Pourtsmouth Outlet Lock, 216 03 1,180 15
Swataru Aqueduct Bridge, 53 10 259 24
Duncan's Island Bridge, 257 82 1,716 25 i
Total, $9.09,327 79 836,688 95
Same period, 1946, 166,553 73 5 66,427 13
841,77.1 OG 270,261 82
Increase in 1847,
A FE3III.E SA I LOR.—A girl of about twenty
years of age, named Julia Bickford, was examined
at the Police Court, this forenoon, on the charge of
being a vagrant, and, at her own request, was sent
to the House of Correction for three months. This
girl had been three or four voyages to sea in male
attire, as a common sailor. According to her own
statement, she first went a voyage with her uncle,
in her proper character and attire, and, liking the
excitement of a sea-faring life, on her return pur
chased mule attire, and shipped for a voyage to
Calcutta, which voyage she performed without her
sex being suspected. Since that time, she has been
to the West Indies and to ports in the Southern
States. She came to this city recently, and donned
her female attire, but having no home, being dis_
carded by her relatives for her misconduct, she
wished to be sent to the House of Correction. Iler
looks are not masculine, other than her lime is em
browned from exposure, and her hands and arms
are tough and hard as though they bad frequently
been dipped in a tar-bucket.—Boston Journal, 81k.
THE LETHEON.—The Vera Cruz Eagle of the 23d
ult., says •• We had the pleasure•of enjoying an
invitation to be present on the occasion of an am
putation of two legs, above the knee, on Saturday
last, where that great asssistant in surgical cases,
the Letheon, was used. The subjects were two
men who had been conveyed to the hospital of San
Francisco, and the success was a triumph over
physical pain. Dr. Barton administered the Lethe.
on, and Dr. Porter and a young physician (whose
name we are sorry we do not recollect) were the
In one case the limb was removed in five minutes
and a half from the commeneemnt of the inhala
tion to the close of the amputation. In the other a
few seconds over that time. Both declared that
they had felt nothing during the operation. One
of them rather playfully observed, on recovering
consciousness, and perceiving that it was done,
"that is the way you do it, is it?" This Is surely a
wonderful agent, and may be regarded as the most
invalua: lc discovery in relieving suffering humani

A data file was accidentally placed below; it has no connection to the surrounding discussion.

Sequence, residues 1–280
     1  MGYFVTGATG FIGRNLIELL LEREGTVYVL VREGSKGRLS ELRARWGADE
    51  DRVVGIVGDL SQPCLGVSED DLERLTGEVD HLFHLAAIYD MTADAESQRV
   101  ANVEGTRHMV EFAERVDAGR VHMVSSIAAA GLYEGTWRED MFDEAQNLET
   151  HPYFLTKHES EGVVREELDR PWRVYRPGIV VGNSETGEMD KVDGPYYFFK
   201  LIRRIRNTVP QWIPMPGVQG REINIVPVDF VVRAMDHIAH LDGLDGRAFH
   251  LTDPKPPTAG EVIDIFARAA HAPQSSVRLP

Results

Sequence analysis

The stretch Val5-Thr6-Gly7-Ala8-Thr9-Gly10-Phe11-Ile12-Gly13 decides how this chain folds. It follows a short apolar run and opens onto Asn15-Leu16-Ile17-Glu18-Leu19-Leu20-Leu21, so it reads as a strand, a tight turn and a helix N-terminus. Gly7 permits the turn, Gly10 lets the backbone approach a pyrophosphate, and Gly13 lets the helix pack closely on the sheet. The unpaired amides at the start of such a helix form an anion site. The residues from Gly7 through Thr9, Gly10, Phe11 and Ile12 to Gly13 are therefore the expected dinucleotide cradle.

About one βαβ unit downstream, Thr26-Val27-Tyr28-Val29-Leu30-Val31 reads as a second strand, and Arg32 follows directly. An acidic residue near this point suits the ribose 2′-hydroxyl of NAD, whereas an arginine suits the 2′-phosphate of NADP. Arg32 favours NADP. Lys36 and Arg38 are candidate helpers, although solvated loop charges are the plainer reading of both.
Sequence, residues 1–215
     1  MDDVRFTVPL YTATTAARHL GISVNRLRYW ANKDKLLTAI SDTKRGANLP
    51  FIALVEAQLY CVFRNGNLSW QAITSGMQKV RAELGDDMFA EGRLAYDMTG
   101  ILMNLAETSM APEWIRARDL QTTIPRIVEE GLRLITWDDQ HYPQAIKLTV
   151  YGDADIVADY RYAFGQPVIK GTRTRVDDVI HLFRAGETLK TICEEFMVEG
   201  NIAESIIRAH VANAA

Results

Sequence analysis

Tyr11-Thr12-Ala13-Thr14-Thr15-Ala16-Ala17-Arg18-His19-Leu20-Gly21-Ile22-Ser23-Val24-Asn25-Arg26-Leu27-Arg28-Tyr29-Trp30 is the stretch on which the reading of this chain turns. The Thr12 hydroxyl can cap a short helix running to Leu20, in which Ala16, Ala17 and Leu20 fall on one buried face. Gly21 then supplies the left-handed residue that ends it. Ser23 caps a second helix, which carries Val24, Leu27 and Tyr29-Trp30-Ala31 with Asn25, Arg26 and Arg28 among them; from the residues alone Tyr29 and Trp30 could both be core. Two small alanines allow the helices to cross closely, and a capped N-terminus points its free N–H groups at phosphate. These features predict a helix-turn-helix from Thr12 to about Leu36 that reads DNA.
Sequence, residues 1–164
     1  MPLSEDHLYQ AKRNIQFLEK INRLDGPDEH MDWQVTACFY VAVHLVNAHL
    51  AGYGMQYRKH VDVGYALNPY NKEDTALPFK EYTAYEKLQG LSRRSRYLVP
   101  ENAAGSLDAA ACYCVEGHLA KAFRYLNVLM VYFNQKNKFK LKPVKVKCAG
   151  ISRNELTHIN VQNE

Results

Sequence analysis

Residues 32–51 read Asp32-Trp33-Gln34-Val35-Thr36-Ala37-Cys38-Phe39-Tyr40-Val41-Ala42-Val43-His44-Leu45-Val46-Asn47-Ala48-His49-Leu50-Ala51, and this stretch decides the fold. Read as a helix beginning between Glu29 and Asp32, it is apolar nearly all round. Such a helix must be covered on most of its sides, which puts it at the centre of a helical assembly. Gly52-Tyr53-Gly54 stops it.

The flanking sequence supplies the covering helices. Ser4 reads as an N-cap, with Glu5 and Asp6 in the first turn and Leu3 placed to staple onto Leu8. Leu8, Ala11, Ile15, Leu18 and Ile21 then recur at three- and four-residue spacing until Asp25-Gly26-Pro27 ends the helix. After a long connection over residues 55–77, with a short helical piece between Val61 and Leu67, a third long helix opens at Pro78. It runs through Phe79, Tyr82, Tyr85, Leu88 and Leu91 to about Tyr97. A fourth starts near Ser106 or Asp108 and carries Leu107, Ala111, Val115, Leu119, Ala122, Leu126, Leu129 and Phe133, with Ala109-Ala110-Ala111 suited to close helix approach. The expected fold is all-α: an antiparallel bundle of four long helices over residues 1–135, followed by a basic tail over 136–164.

ty, that has yet been revealed."
The Telegraphic wires were put up through
Steubenville on the 29th ult., and the line is going
ahead to completion to Cincinnati, to be completed,
as is hoped, in the course of thirty or forty days.---
Mr. O'Reilly erects the line from Pittsburgh to
Columbus, and from Columbus to Cincinnati. It
will be extended by himself and others to Louisville.
At Louisville a line will be formed to St. Louis.
ANOTHER BATTLE.—The St. Louis Republican of
July 7 contains Santa Fe news of the 27th May.
Major gdmundson, when about 150 miles south.
east of Santa Fe, with a force of 70 men, met somo
400 Mexicans and Indians.
A batte ensued, and the Americans were com
pelled to retreat with the loss of two killed and three
wounded, besides losing all the horses bejonging to
the party. The cause of this disaster was that the
attack was made in an unfavorable position . for our
troops. Major E. was compelled to leave one
wounded American on the battle field to the mercy
of the Mexican opponents, and his fate is not known.
Another goveinment train has been attacked by
the Indians, and one hundred and fifty head of cat
tle taken. This train was commanded by Capt.
Col. W. I-I. Russell, bearer of despatches from Col
Fremont, at California, has reached St. Louis.
Daily Post publishes the following letter from Gen.
Taylor, addressed to a citizen of Lansingburg.
There is no room to doubt its genuineness, the edi.
tor of the Post having seen the original. It con
firms the genuineness of the "Signal" letter:
Camp near Monterey, May 29, 1847.
Dear Sir—lt is with much pleasure that I ac
knowledged the receipt of your most interesting
letter of the Ist inst., and to which I desire to reply
in terms more expressive of my thanks to you for
your kind consideration for myself, and yet more
so of my high appreciation of the upright and pat
riotic sentiments which are the principal tenor of
your letter; but I am burdened with official duties,
and at this moment with many letters from distant
sources, which require attention, and will necessa
ril oblige me to reply tu you in a few lines.
The Presidential office presents no inducements
to me to seek its honor or resposibilities ; the tran
quillity of private life, on the contrary, is the great
object of my aspiration on the conclusion of the
war—but I am riot insensible to the persuasion that
my services are yet due to the country, as the coun
try shall see fit to command them; if still as a sol
dier, I am satisfied; if in higher and more respon
sible duties, I desire not to oppose the manifest
wish of the people, but I will not he the candidate of
any party or clique, and should the Nation at large
seek to place me in the chair of the Chief Magis
tracy, the good of all parties and National good
would he my great and absorbing aim.
Sentiments such as these have been the burden
of my replies to all who have addressed me on this